Judaism: Timing and the Ten Commandments
Published: Thursday, January 31, 2013 5:55 PM
Two short essays on little known aspects of the Exodus and the 10 Commandments.
Rabbi Dr Raymond Apple
Rabbi Dr Raymond Apple AO RFD is Emeritus Rabbi of the Great Synagogue, Sydney. He is now retired and lives in Jerusalem, where he publishes OzTorah, a weekly email list and website with Torah insights from an Australian perspective.
The Israelites leaving Egypt, from the Catalonia Haggadah, c. 1300
By the time of this week’s reading the B’nei Yisra’el have well and truly left Egypt and are at Mount Sinai, en route for the Promised Land.
The Midrash relates an aspect of the story about which most people are unaware. It says that 30 years earlier the tribe of Ephraim “forced the hour” and started out before the appointed time, and when the rest of the people finally left, they found the bones of the Ephraimites in heaps along the way (Sh’mot Rabba chapter 20).
In Jewish history there were countless occasions when Jews wanted to take the law into their own hands and get away from a nightmare before the destined time of dawn. This certainly applies to the coming of Messiah, which never seemed to arrive even though we could hardly bear the waiting.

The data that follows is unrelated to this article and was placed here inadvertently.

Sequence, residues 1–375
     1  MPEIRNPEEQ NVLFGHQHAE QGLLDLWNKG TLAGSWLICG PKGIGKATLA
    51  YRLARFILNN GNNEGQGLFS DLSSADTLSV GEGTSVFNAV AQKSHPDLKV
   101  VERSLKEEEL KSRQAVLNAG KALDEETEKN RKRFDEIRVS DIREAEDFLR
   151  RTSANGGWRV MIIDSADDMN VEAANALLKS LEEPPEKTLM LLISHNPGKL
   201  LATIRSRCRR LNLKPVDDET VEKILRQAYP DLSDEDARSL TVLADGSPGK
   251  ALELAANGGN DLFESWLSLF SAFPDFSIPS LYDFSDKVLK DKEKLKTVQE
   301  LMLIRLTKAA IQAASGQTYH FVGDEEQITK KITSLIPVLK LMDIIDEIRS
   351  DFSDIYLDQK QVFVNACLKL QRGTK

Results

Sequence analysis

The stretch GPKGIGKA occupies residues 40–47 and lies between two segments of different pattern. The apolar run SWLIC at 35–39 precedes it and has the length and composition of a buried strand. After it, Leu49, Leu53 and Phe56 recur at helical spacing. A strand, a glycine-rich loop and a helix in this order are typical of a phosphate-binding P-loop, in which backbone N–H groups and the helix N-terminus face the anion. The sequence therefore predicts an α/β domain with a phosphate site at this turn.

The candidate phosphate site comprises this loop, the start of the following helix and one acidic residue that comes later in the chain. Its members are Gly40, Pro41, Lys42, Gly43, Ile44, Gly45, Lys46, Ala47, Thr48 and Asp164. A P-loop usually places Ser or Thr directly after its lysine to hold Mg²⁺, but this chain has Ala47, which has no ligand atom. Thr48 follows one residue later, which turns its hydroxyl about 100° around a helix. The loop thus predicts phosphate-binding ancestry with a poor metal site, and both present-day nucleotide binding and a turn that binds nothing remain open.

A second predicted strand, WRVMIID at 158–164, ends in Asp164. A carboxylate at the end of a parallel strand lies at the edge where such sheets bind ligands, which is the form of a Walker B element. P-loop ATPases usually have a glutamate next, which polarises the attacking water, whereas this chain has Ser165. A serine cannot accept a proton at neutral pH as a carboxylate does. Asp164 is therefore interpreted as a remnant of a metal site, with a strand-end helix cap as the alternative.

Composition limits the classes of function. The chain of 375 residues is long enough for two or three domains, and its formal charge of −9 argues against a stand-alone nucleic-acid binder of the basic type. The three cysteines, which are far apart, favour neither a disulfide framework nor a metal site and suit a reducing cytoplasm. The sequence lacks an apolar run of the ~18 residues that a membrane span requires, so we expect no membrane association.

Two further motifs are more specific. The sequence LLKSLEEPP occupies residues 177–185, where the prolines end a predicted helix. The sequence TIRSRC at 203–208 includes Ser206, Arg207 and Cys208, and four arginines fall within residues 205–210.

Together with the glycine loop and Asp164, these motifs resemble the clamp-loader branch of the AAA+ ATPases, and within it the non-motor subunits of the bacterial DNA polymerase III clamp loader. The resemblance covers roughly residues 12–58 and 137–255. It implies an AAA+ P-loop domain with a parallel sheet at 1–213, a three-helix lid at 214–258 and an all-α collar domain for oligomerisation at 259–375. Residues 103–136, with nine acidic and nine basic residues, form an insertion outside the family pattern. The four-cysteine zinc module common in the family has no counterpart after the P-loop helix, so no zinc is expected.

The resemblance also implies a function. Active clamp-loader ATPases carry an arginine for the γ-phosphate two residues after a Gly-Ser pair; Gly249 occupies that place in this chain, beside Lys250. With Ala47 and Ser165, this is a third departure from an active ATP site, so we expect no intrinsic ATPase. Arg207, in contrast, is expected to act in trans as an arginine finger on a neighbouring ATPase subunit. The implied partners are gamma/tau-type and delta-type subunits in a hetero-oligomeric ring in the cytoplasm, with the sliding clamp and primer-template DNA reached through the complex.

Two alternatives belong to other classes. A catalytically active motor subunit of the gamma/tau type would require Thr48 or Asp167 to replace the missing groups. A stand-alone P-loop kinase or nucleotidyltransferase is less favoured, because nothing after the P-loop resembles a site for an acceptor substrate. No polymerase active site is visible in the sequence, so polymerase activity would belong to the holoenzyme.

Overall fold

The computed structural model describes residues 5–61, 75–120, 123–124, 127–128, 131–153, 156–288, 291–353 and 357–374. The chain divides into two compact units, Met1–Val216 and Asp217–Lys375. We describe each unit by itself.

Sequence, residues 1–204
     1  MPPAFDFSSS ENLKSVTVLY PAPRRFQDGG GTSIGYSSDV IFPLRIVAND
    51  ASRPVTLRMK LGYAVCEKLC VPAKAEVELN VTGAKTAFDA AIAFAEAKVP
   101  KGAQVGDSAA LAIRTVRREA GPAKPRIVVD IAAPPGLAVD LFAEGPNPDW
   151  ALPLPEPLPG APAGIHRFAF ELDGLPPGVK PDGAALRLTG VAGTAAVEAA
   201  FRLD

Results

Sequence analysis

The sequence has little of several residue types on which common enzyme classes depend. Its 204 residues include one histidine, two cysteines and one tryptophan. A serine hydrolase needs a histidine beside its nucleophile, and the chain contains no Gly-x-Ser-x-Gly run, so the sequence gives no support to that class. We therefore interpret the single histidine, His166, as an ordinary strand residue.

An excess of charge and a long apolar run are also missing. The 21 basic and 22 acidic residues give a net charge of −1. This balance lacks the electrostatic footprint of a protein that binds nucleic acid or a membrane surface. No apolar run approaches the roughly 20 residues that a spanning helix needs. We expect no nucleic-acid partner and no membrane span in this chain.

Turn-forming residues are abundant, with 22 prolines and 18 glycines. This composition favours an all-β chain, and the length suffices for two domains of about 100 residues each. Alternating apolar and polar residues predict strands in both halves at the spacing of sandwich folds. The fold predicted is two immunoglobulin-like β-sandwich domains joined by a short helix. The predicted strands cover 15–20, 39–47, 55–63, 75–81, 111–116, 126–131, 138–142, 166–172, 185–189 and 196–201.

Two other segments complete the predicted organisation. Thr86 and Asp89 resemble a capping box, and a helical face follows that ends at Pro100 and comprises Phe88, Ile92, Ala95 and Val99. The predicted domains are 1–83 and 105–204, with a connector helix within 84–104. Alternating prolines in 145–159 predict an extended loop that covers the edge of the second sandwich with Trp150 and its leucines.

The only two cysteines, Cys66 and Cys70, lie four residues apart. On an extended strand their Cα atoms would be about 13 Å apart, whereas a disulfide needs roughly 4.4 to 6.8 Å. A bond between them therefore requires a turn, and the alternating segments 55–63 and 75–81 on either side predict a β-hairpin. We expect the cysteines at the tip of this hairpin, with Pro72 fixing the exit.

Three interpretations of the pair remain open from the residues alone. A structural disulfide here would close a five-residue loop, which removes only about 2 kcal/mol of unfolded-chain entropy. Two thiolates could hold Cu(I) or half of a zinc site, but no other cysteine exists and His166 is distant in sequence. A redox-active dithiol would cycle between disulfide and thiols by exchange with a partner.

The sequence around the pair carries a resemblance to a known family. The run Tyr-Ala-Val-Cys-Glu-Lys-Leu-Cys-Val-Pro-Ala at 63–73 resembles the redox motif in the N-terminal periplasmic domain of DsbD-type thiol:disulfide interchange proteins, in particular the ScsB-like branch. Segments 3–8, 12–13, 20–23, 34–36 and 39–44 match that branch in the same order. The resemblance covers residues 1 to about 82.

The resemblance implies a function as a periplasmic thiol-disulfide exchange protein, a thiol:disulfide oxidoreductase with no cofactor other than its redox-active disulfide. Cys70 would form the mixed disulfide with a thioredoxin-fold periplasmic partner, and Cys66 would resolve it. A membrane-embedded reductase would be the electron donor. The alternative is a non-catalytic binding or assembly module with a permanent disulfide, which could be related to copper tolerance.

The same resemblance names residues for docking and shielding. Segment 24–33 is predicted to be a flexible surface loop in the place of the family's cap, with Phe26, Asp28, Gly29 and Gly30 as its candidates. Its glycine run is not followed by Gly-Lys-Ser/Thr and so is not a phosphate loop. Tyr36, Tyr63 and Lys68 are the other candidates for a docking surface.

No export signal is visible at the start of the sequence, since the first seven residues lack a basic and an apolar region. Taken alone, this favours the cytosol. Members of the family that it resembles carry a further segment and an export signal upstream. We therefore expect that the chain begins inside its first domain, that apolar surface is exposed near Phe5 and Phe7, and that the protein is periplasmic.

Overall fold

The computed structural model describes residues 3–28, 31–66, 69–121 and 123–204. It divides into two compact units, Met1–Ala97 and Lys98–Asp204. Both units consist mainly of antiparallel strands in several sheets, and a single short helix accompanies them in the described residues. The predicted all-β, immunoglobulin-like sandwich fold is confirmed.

The Meshech Chochmah, commenting on a statement by Rashi, actually speaks about an early coming of Mashi'ach. Parashat Shof’tim (Deut. 19:9) has a verse about three extra “cities of refuge” for those who commit homicide without intent; Rashi says this applies to the days of Mashi’ach. The Meshech Chochmah says Rashi denotes the Mashi’ach coming before the set time.
If Israel lead such committed lives that God sends the Mashi’ach early, it will take time to finish eradicating sin, crime and murder. The Mashi’ach will lend his weight to the effort, and once it is complete the days of perfection predicted by the prophets will finally arrive.
The popular view is that the 8th Commandment, Lo Tignov (Ex. 20:15), refers to stealing property. The sages point out, however, that there are other sources about stealing things, and this verse means stealing a person.
Obviously all forms of stealing are prohibited. Whoever steals a thing or person regards him- or herself as higher than God. God ordains who is the owner; the thief says, “I know better”. It’s an example of the Tower of Babel syndrome. The builders of Babel thought they should be running the universe, not God.
These days the people who don’t want to believe in God or accept His rule think they can make the decisions and re-allocate rights at will. Whether they act individually or as a group, they cause anarchy and make social life impossible.
What is meant by stealing a person? Not only kidnapping, though that is bad enough. It also denotes robbing a person of their heritage; the victims include the Jewish children who were placed with gentiles during the Holocaust and never given back to Judaism. In Australia the Aboriginal children who were forced into the white community are known as The Stolen Generation.
Ramban says that the 8th Commandment is linked with the 7th (the ban on adultery) in that adultery denies a child the knowledge of its real father. Rav Soloveitchik includes in the 8th Commandment a duty not to rob a person of their self-respect.